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Shardlow and Goodyear and a brand-new studio
By SAM PFEIFLE  |  July 15, 2009

beat main
 A FEW THINGS GAINED Matt Shardlow finds help from his friends. 

How we think about making and consuming music is changing. It is not news that labels, albums, and record stores are dying, pushed aside by new ways of conducting the commerce of music. (Though at the turn of the 20th century the song was king and the trade was in sheet-music publishing rights, so maybe this is all a return to form, just with new technology.)

But has anyone predicted the death of the band itself? Portland has been buffeted lately by “solo” projects brimming with instruments and players. Is it anymore true that a band, with chemistry and history and lots of practices under their belt, is any better in the studio than a guy with some songs and some friends (or people who’ll play for $60 an hour)?

Consider Nothing Ventured, a humble name for something Matt Shardlow calls not a band but a “group project,” put together with former Jeremiah Freed/current Pete Kilpatrick guitarist Nick Goodale in Goodale’s newly constructed home studio. Yes, this not-band will release an album, Two Faced, this weekend. In fact, the night prior, Hutch Heelan, a former Kilpatrick bassist, will release a solo album featuring the likes of Graham Isaacson, the Grupo Esperanza horn section, and Dave Gutter, but I’ll get to that next week.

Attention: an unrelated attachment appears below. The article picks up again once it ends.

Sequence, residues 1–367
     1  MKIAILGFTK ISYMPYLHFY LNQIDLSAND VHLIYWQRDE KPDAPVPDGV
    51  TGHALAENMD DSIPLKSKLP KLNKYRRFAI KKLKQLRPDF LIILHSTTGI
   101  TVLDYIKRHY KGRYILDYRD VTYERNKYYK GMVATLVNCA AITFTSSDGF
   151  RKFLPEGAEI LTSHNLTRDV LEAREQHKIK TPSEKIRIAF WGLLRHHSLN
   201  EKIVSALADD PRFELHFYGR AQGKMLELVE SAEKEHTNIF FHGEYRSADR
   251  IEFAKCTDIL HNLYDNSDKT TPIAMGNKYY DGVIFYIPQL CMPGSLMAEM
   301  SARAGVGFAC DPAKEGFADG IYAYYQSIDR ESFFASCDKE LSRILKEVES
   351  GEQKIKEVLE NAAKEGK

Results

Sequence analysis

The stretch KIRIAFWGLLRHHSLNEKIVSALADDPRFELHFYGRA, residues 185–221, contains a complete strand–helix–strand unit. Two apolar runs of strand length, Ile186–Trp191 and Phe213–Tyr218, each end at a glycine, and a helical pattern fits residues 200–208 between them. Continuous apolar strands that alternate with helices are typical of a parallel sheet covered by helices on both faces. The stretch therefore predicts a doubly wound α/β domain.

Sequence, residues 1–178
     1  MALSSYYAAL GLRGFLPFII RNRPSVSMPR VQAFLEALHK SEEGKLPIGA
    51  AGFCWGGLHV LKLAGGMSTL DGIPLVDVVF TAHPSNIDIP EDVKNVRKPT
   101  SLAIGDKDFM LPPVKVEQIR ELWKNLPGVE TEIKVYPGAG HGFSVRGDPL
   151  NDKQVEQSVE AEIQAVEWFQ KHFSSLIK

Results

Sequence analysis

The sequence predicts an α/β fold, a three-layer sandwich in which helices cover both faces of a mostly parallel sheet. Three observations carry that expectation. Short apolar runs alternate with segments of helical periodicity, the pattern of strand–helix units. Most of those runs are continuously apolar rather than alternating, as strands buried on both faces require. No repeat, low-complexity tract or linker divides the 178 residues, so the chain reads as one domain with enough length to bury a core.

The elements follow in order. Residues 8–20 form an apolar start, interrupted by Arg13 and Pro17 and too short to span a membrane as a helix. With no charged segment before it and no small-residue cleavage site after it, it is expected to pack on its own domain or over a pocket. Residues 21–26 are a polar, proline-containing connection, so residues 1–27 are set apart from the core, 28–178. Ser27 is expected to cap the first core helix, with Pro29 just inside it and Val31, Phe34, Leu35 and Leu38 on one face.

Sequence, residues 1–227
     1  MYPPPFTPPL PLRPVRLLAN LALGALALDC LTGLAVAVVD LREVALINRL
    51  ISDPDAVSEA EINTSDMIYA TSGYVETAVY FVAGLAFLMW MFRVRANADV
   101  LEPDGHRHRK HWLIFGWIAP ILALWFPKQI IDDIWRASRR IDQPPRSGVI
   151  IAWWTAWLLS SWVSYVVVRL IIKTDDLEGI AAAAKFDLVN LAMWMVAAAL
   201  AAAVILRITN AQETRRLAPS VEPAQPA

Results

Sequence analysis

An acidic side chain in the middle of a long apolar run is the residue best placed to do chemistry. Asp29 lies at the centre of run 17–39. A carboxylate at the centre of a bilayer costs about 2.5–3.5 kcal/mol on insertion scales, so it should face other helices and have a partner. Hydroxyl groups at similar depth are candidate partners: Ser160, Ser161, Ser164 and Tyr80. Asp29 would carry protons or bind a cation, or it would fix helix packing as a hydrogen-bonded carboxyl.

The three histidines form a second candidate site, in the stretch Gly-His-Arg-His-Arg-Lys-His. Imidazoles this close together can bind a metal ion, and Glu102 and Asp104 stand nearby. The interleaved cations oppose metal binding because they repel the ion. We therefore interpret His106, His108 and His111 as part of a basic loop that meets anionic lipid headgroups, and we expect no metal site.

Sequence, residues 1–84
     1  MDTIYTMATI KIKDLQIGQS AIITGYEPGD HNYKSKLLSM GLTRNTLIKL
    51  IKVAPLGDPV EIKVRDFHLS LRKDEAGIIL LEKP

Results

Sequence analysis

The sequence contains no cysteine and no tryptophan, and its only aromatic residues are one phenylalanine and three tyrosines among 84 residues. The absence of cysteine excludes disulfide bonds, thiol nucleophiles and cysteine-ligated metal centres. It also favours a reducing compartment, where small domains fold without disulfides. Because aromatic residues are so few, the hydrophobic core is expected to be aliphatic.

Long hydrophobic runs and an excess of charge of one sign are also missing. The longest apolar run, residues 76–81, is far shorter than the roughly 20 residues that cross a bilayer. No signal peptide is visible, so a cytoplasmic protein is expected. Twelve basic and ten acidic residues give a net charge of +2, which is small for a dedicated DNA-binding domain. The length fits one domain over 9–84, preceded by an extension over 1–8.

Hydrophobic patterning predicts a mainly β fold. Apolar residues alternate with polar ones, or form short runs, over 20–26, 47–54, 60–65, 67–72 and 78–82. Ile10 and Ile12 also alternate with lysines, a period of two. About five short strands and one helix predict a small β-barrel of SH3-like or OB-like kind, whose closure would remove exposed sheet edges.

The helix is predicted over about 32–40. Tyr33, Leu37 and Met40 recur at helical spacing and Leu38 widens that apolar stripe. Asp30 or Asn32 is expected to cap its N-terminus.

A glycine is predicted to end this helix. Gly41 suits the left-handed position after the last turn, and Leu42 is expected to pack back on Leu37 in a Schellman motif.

Gutter’s on this Nothing Ventured disc, too — and everywhere else, from the Overtones to Paranoid Social Club to the new duo project with Evan Casas to the acoustic project he sometimes calls Life Partners.

Here he harmonizes with Shardlow as the two double up verses of “Done,” which opens with tribal/bebop drumming from Nikki Glaspie (State Radio, Beyoncé) and then moves into a Soundgarden thrum. “There’s always something,” we’re told, “never for nothing.”

In some ways, the world needs another rock album with grunge, Zeppelin, and Black Crowes influences like the world needs another painting of a lighthouse. Yet sometimes you come across a Jamie Wyeth and realize that, well, maybe another lighthouse painting isn’t so bad. And so it is with songs like “BOC,” which is basically giving-the-dog-a-bone rock, with yelled biker vocals and some piano from Nigel Hall that’s mixed really low. Why wouldn’t you want another chance to revel in a Nick Goodale guitar solo? He is smooth and powerful and really knows how to fill a canvas.

Shardlow can dabble, too, whether with his languid electric lick in “Rock Star” (Shardlow also plays bass with Div Kid, which released an album last week), or with his multi-layered acoustic guitar and mandolin on the ballad “Stay Another Day.” On the former, the Robert Plant vocal treatment is partially explained by Shardlow’s service in a Zep tribute band, but it is enough of a rootsy change-up that it just might get you to invest time in the rest of the album.

“Foundation” is a southern-rock anthem with breathy backing vocals from Kenya Hall and Andi Fawcett, who’s starting to get active in the scene again with her own Doubting Gravity. Shardlow’s probably most comfortable vocally here, and the muscle of his guitar solo is a great contrast to the warm waves of Pete Dugas’s organ playing.

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Related: Bare bones, Grupo Esperanza bids farewell, Pete Kilpatrick keeps the home blazes burning, More more >
  Topics: CD Reviews , Celebrity News, Entertainment, Pete Dugas,  More more >
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